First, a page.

20. en cherchant divers articles sur internet a propos du match de hockey d'hier soir, je suis tombe sur le site du chicago tribute. puis, banalement inseree entre deux nouvelles, j'ai trouve cet article: At least 22 shot in separate shootings, 1 dead May 30, 2010 2:09 PM At least 22 people were wounded in separate shootings around the city roughly between noon Saturday and noon Sunday, including a man who died this morning after he was shot in the head, Chicago police said. At a news conference this morning, Chicago Police Supt. Jody Weis said that nearly half of the shootings appear to be gang-related, including the fatal incident. Weis added that at least two of the other victims have refused to cooperate with police, "which makes the job of our detectives ... far more difficult." One of the shootings was particularly disturbing because one of the female victims was eight months pregnant, the superintendent said. No one in custody for any of the incidents. The most recent incident happened in the 8000 block of South St. Lawrence Avenue just after noon today, Chicago Police Officer Laura Kubiak said. A man at the location was shot in the hand. Four people were shot about 3:15 a.m. today in the 9100 block of South Marshfield Avenue, police said. The victims -- two women, ages 32 and 30, and two men, ages 40 and 41 -- were sitting in a vehicle when a dark four-door sedan approached, a man got out and opened fire. The older woman and the younger man were taken to local hospitals in serious conditions, police said. The other victims suffered only minor injuries. About 2 a.m. in the 10800 block of South Racine Avenue, two people were shot while they sat in a parked vehicle, police said. One victim, a 43-year-old man, was shot in the chest and taken to Advocate Christ Medical Center where he was listed in critical condition. The other victim, 22, was shot in the shoulder and was listed in "stable" condition at Roseland Community Hospital. Police said the 22-year-old is gang-affiliated. The men were shot by a passenger of a gold four-door car, police said. About 12:45 a.m., a 16-year-old boy was shot in the 1500 block of East 67th Street. He was taken in critical condition to Northwestern Memorial Hospital with a gunshot wound to his arm. About 12:30 a.m., a 28-year-old man was shot in the Roseland neighborhood in the 10500 block of South Corliss Avenue, police said. He was taken to Roseland Community Hospital with a gunshot wound to his right calf and was described as in "stable" condition. At the same time on the Southeast Side, three more people were shot as they sat on a porch in the 9200 block of South Blackstone Avenue, Kubiak said. One victim, a 25-year-old man, was taken in critical condition to Advocate Christ Medical Center in Oak Lawn. An 18-year-old man was taken in "stable" condition to Advocate Trinity Hospital. Another victim, 27, was treated and released from Trinity with a graze wound to his arm, police said. The 18-year-old and 27-year-old have gang affiliations, Kubiak said. About 12:28 a.m., a 19-year-old man was shot in the head in the 5100 block of South Laflin Street, police said. A spokesman for the Cook County medical examiner's office identifed the man as Darius Murphy of the 5300 block of South Bishop Street. On the West Side about 12:15 a.m., two people were shot in the 3900 block of West Gladys Avenue, police said. A 24-year-old man was taken to Mt. Sinai Hospital in "stable" condition with a graze wound to his head. A 19-year-old woman also was taken to the same hospital. She was listed in "stable" condition with a gunshot wound to her neck. About 8:10 p.m. Saturday in the 2900 block of North Milwaukee Avenue in the Logan Square neighborhood, a 47-year-old man was shot in one arm in what police believe was a drive-by shooting. The victim was taken to Norwegian-American Hospital and was listed in good condition. Roughly 20 minutes earlier in the Ashburn neighborhood, a man, 19, was wounded in the leg in the 3900 block of West 79th Street outside Bogan Computer Technical High School. He was taken to Advocate Christ Medical Center in Oak Lawn and was listed in critical condition. The victim has gang affiliations and was not being cooperative in the police investigation, Kubiak said. About 7:30 p.m., a 17-year-old boy was standing on the sidewalk on the 7400 block of South Evans Avenue when he heard shots and felt pain. He was hospitalized with a gunshot wound to the upper right side. Two people were shot about 6:45 p.m. in the 8400 block of South Muskegon Avenue but both told conflicting stories, said Kubiak. An 18-year-old gang-affiliated man suffered a graze wound but refused treatment. He said he was walking in the 8400 block of South Escanaba Avenue when a suspect walked up and shot him, police said. The other victim, 19, told a different story. He said he was driving when someone pulled up and began shouting gang slogans and shot into his car, police said. He drove himself to Advocate Trinity Hospital where he was treated and released. Police could not locate either victims for interviews after the shootings, Kubiak said. One of the shootings happened about 3 p.m. in the 6200 block of South Cottage Grove Avenue in the Woodlawn neighborhood. A 56-year-old man was standing on the corner when a passing car fired in his direction, police said. He fell to the ground in pain and discovered he was shot in his calf. He was taken to an area hospital and listed in good condition. Earlier Saturday about 11 a.m., a 25-year-old man was shot on the 5300 block of South Laflin Street. He was wounded in the arm and hospitalized. Police said the Laflin shooting appeared to be gang-related, but witnesses were giving conflicting accounts of the event. No one is in custody for any of the shootings. Calumet Area, Harrison Area and Wentworth Area detectives are investigating. -- Deanese Williams-Harris c'est surtout le ton de l'article qui me laisse bouche-bee ... meme si chicago est une plus grande ville que montreal, si l'on ramenais l'evenement a nos proportions on parlerais quand meme d'un bon douze a quinze victimes par arme a feu - en 24 heures. ca va toujours me surprendre le niveau de criminalite a certain endroits aux etat-unis ... c'est vraiment a se demander ce qu'ils mangent avec leurs cereales, le matin. puis il y a d'enormes villes comme new york ou la criminalite est si reduite qu'on s'y sent maintenant aussi en securite dans le metro a 4h du matin que sur la rue principale a repentigny un dimanche apres midi ... c'est vraiment un phenomene etrange, pour moi .....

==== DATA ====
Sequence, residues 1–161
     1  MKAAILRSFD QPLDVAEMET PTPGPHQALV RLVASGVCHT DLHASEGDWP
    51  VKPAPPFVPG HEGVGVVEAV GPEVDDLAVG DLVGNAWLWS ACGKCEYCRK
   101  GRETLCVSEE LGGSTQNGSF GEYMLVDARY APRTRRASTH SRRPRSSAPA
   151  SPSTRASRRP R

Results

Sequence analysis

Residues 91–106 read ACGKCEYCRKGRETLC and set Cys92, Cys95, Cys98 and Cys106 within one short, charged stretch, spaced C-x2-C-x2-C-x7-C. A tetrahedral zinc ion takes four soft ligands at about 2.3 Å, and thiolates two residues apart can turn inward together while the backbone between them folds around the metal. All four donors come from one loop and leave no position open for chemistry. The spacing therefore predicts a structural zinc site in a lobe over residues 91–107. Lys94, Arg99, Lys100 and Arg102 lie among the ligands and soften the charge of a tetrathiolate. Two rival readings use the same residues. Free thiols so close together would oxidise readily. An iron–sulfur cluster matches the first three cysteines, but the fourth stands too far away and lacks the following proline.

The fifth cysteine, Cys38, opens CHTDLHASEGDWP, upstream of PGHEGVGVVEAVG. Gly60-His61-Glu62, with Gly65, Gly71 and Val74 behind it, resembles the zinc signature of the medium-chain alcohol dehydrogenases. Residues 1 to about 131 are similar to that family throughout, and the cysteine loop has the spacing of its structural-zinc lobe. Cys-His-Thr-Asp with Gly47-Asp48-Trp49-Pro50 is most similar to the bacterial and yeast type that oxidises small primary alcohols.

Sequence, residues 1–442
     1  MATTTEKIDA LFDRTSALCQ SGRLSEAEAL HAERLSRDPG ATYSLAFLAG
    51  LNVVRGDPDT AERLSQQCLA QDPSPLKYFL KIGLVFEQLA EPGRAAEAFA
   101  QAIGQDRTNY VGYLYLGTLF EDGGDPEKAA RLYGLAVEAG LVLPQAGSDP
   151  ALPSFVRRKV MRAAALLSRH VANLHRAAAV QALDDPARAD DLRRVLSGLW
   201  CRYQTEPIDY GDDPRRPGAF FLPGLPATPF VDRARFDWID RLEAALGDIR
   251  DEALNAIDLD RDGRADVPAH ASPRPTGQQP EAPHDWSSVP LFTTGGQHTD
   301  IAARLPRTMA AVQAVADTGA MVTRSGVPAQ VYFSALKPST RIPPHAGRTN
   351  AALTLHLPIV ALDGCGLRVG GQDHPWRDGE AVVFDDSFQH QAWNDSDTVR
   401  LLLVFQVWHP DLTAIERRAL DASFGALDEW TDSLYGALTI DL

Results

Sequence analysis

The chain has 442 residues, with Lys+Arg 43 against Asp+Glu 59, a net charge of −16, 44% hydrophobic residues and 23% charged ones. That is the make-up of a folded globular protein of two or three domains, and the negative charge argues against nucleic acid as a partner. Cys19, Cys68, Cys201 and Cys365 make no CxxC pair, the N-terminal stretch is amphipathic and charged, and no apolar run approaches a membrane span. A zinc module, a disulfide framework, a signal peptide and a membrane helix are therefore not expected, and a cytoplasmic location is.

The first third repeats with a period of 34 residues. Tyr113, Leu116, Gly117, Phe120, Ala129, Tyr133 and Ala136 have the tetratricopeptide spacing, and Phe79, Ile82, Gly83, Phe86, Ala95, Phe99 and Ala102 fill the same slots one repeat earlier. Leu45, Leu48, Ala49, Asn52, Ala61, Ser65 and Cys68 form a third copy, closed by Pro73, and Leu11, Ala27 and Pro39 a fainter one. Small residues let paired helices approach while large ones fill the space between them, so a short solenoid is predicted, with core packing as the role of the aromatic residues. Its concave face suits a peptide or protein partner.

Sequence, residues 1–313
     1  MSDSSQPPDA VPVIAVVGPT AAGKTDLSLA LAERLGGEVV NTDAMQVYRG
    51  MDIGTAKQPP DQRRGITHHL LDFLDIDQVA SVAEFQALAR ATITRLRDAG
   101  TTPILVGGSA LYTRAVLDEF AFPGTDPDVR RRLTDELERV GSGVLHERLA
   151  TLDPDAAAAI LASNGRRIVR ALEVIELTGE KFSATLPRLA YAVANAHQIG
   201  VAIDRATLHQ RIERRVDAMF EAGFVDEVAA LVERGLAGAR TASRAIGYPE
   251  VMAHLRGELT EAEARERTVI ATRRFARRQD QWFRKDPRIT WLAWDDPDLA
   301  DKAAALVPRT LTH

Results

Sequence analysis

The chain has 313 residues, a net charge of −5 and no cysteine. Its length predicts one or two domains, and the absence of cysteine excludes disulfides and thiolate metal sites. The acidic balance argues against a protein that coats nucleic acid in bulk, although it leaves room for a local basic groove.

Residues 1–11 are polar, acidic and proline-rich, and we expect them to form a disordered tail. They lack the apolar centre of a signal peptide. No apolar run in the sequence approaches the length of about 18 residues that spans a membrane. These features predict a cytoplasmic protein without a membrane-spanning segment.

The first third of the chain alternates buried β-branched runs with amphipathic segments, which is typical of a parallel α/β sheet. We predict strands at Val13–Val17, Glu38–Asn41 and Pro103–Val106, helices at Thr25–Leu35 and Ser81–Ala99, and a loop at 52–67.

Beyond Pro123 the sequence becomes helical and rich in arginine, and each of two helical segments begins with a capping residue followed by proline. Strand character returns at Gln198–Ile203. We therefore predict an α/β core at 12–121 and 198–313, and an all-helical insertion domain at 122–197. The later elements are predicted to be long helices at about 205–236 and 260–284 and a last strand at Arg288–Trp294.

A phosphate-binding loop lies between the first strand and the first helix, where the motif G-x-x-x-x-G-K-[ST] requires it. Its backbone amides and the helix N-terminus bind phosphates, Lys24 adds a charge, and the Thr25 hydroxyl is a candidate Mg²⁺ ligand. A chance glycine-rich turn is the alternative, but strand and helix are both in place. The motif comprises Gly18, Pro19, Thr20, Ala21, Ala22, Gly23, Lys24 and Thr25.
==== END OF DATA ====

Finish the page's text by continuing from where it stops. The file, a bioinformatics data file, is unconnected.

21. It is very unfortunate that events that happen in less than a minute can have such a profoundly negative impact on peoples' lives. In this case, I most definitely believe that Michael Bryant is innocent of what is essentially a manslaughter charge. This is one of the rare times I side with a Liberal. By the sounds of things Darcy Allan Sheppard was drunk and riding his bicycle down a major throughfare (Bloor Street). Drinking and riding a bicycle can be just as dangerous as drinking and driving a car. There needs to be laws put in place to regulate cycling just like driving. If it had been the other way around, and Bryant had been drinking and driving, got into an altercation with a cyclist before crashing and killing himself, it would have been completely his fault. But since Sheppard was a cyclist, he couldn't possibly be in the wrong.